'The Vanishing Half' Dives Deep into Issues of Racial Passing and Colourism

Edits by Lily Pang and Rachel Chopping

 

‘White passing’, a term used to describe the ability of a light-skinned person of colour to pass as white, is not new to literature. Books such as Nella Larsen’s Passing published in 1929 explore the complicated history of racial passing. From the antebellum period to the end of Jim Crow, a lot of black Americans crossed the colour line to pass as white. The purpose was often to gain freedom from slavery, escape from racial violence, or to enjoy the freedom that whiteness provided. 

But in her new novel, The Vanishing Half, Brit Bennett takes a more in-depth exploration into the performance of race and white-passing. Bennett exposes the fluidity of racial categories where nobody can honestly know anyone’s race. And if we can’t know people’s race, then we are just making assumptions. Such assumptions have real social, political and economic implications. And it is these implications that transform the trajectory of Bennett’s character’s lives, shaping who they marry, their education, ambitions and their identities. Bennett asks some provocative questions: How do social categories shape our identity? What does it mean to perform whiteness? And does white-passing reinforce race or destabilise it? 

The story is set in the fictional town of Mallard established by the great-great-grandfather of twins Stella and Desiree Vignes. A small southern town established by light-skinned black Americans. Intermarriage in the residents of Mallard has ensured their children become whiter with each generation. Yet, Stella and Desiree still experience the reach of racism as they witness the brutal lynching of their father at the hands of white men. Their mother is an underpaid cleaner for a white family. Stella is quiet, studious and content with her life in Mallard. In contrast, Desiree is wild and dreams of leaving Mallard for a bigger city. Desiree convinces Stella to leave Mallard at the age of sixteen for New Orleans. But after only a few months in New Orleans the twins split. “Stella became white, and Desiree married the darkest man she could find.”

The story begins in 1968 with Desiree returning to Mallard, bruised and battered and with a daughter in hand after fleeing her abusive husband.The arrival of “blue-black” child Jude shocks the town that has prided itself for generations on its whiteness. Jude is relentlessly bullied and ostracized by the town.

Jude meets Stella years later while at university in California. Stella is now a white woman. She is married to a rich man and with a blonde, aspiring actress daughter named Kennedy. Jude forms a relationship with Kennedy, who is wholly unaware of her connection with Jude and her mother’s past.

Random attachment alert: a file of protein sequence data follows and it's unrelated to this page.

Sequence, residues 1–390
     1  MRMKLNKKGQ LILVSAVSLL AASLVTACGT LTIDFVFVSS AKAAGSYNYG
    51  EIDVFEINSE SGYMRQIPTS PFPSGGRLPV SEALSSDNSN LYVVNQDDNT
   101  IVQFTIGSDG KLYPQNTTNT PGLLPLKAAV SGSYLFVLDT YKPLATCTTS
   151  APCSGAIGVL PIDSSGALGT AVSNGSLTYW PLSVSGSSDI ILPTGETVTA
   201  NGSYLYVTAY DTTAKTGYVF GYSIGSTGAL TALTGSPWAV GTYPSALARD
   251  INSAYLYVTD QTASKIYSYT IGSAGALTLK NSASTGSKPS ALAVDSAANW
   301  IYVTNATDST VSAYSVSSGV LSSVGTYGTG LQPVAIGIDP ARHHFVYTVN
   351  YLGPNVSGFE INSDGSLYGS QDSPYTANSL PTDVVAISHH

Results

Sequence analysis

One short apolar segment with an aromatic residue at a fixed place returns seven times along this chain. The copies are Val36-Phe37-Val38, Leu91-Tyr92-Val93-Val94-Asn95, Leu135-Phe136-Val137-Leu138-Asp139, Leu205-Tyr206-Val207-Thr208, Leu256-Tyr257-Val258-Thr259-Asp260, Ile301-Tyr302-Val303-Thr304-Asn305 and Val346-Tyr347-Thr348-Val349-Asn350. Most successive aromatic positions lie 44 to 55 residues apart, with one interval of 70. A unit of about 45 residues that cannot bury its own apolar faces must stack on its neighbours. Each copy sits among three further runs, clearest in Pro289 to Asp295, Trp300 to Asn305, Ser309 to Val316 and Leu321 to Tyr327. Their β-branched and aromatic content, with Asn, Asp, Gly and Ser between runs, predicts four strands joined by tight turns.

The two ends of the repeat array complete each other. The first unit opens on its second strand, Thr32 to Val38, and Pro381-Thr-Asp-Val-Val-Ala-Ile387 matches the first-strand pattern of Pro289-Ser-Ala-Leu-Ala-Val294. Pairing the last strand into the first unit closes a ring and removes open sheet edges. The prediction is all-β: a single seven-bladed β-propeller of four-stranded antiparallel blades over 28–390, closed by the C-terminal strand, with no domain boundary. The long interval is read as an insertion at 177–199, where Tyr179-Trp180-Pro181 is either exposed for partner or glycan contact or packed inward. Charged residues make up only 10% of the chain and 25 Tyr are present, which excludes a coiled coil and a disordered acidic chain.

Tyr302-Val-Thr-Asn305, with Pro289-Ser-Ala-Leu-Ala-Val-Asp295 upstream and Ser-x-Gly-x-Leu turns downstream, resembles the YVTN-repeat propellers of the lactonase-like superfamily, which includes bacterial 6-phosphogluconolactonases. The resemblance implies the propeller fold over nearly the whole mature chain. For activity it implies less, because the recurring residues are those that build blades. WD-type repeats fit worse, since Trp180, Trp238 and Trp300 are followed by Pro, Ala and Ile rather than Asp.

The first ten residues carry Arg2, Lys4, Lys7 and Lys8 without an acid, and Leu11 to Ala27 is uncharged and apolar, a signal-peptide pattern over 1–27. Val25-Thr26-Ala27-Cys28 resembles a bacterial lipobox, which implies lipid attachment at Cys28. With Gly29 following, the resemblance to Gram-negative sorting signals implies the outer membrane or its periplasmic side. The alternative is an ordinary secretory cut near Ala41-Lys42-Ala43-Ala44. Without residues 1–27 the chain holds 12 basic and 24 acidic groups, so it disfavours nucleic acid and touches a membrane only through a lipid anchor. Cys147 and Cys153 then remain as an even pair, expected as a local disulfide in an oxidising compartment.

Bennett’s book spans 20 years, delving into the characters of Desiree and Stella as well as their daughters Jude and Kennedy. The book is fast-paced. Bennett intertwines the stories of the protagonists, not spending too long on each character’s development. This feels important to the book. Bennett emphasises the contrast between Stella’s life as a white woman and Desiree’s back in Mallard as well as their children. Jude is alienated for the colour of her skin at school, while Kennedy grows up as functionally white, experiencing all the privileges that this entails. The book does a brilliant job of showing through contrast how social categories such as race, sexuality and gender influence people’s lives in concrete ways. Bennett places limits on Desiree’s and Jude’s lives whilst handing Stella and Kennedy great freedoms. 

There are some drawbacks to the book’s pace. It covers a lot of ground, characters and time in a remarkably short period. The rapid storytelling means that feelings and identities are not fully explored in a depth that would do them justice. Kennedy and Jude often felt two dimensional. Kennedy as a blonde, ditsy actress and Jude as a victim of bullying with low self-esteem. 

The Vanishing Half is still a beautiful and worthwhile book about the complexity of identity. But most importantly, about the history of black performance and identity in America. Bennett does a fantastic job at capturing the fluidity of race, identity and sexuality but also showcasing its tangible effects on people’s lives. The book didn’t leave me with answers, but more with questions about the complexity of identity and the danger of making assumptions. The Vanishing Half is an important book that has gained even more fame since the Black Lives Matter movement, a fascinating read into the history of colourism and racial passing in America.

 

 

 

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